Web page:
Given the scale of the reported problems related to transfers to new servicers, and the potentially serious harm to struggling homeowners who need relief from HAMP, Treasury must be aggressive and swift in sending the message to servicers that Treasury will not tolerate harm to homeowners in HAMP from servicing transfers. HAMP is five years old, and servicers have had ample time to understand the rules and to follow them. Treasury should no longer tolerate a failure to follow HAMP rules. Treasury should report on violations publicly, and permanently withhold incentive payments from servicers that do not comply with HAMP rules on transfers. (12)
The problems in the servicer industry are structural, but it is far from clear that there are sufficient structural changes in the works to deal with them. This sad state of affairs will last far into the future unless thoughtful solutions are designed and implemented in the present. So, while it is important that SIGTARP draws attention to this problem, it is more important for other regulators like the Consumer Financial Protection Bureau and the Federal Housing Finance Agency to take up the cause and start implementing far-reaching solutions.
The Consumer Financial Protection Bureau has issued a Compliance Bulletin and Policy Guidance on Mortgage Servicing Transfers (Bulletin 2014-01). Mortgage Serving Transfers have been receiving a lot of attention (also here) recently from regulators as the servicing industry is going through many changes.
The CFPB is right to focus on the impact of the transfer of mortgage servicing rights on homeowners. Many complaints made directly to regulators and seen in foreclosure cases relate to the Kafkaesque treatment that homeowners receive as their servicer point-of-contact changes from interaction to interaction.
The Bulletin indicates that servicers will have to do a fair amount of planning to ensure that consumers are not harmed by the transfer of servicing rights. In particular, the CFPB will be watching to see that servicers are (WARNING: Boring and Technical Language Alert!):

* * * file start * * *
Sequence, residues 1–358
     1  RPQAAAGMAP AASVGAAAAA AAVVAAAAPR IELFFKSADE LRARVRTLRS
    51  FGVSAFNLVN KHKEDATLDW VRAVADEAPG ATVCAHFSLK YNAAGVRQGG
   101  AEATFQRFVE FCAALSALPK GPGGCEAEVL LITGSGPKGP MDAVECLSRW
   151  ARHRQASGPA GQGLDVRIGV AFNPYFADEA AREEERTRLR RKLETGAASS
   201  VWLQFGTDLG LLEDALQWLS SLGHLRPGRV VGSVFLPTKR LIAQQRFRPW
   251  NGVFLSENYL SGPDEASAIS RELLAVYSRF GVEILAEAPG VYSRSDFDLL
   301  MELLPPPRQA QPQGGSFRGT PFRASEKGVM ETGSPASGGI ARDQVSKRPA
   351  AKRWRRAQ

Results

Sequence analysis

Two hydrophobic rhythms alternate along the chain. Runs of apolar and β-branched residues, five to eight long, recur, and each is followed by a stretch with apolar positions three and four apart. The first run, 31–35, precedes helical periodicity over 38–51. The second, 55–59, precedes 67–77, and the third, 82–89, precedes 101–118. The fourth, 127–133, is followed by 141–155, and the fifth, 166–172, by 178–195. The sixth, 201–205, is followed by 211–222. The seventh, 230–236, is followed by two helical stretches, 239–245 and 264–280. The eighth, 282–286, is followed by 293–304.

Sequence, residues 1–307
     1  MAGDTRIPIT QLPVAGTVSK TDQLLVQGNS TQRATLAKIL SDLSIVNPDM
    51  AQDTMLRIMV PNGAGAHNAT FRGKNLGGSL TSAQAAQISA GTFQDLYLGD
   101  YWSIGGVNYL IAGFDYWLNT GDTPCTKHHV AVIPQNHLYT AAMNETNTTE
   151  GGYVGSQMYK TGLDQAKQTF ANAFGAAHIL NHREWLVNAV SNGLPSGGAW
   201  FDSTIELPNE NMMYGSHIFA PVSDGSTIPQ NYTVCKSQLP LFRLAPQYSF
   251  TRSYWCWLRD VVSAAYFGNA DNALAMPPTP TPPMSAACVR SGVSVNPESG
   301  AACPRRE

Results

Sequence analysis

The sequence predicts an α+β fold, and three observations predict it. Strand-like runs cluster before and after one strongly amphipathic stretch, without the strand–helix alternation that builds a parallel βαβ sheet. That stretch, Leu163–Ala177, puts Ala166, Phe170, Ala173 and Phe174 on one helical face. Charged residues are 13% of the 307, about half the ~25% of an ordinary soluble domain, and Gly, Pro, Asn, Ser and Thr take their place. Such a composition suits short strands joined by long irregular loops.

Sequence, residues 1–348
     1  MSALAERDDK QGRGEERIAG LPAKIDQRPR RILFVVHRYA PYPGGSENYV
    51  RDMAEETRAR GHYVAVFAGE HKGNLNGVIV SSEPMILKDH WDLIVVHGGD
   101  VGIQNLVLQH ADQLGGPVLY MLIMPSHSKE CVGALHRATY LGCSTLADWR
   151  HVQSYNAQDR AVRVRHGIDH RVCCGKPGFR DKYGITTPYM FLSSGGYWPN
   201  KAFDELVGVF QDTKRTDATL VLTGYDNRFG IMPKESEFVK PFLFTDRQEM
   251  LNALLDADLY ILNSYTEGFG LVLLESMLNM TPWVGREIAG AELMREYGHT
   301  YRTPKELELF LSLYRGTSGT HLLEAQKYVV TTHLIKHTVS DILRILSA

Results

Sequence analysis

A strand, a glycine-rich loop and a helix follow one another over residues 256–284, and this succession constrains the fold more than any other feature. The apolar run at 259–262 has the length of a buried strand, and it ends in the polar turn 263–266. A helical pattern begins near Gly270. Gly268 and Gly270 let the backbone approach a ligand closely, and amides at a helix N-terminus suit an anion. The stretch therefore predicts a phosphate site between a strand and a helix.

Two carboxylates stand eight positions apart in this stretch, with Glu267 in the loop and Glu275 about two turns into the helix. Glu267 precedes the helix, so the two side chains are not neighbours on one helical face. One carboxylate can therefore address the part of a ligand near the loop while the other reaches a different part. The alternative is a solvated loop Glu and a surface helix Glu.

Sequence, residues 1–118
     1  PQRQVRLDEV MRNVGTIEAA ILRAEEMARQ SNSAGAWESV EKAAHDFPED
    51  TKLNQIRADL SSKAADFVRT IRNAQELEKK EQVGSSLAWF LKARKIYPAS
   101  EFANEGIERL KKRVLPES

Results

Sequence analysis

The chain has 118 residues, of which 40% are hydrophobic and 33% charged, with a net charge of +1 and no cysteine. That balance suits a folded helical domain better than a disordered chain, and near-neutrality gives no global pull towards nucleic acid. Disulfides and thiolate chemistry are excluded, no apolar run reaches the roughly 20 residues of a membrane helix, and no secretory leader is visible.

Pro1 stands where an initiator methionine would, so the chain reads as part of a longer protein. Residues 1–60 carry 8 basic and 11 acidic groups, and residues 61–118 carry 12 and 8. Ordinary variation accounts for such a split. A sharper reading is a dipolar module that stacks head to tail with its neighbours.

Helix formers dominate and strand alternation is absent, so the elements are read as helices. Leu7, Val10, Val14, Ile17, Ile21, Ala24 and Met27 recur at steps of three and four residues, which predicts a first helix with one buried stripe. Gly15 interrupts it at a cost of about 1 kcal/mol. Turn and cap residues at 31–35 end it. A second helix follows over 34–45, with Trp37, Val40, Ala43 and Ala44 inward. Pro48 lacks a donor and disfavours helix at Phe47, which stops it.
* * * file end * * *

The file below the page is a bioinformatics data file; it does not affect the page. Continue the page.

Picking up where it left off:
Ensuring that contracts require the transferor to provide all necessary documents and information at loan boarding.
Developing tailored transfer instructions for each deal and conducting meetings to
discuss and clarify key issues with counterparties in a timely manner; for large transfers, this could be months in advance of the transfer. Key issues may include descriptions of proprietary modifications, detailed descriptions of data fields, known issues with document indexing, and specific regulatory or settlement requirements applicable to some or all of the transferred loans.
Using specifically tailored testing protocols to evaluate the compatibility of the
transferred data with the transferee servicer’s systems and data mapping protocols.
Engaging in quality control work after the transfer of preliminary data to validate that the data on the transferee’s system matches the data submitted by the transferor.
Recognizing when the transfer cannot be implemented successfully in a single batch and implementing alternative protocols, such as splitting the transfer into several smaller transactions, to ensure that the transferee can comply with its servicing obligations for every loan transferred. (3)
As a bonus, the Bulletin provides an overview of statutes and regulations that govern the transfer of mortgage servicing.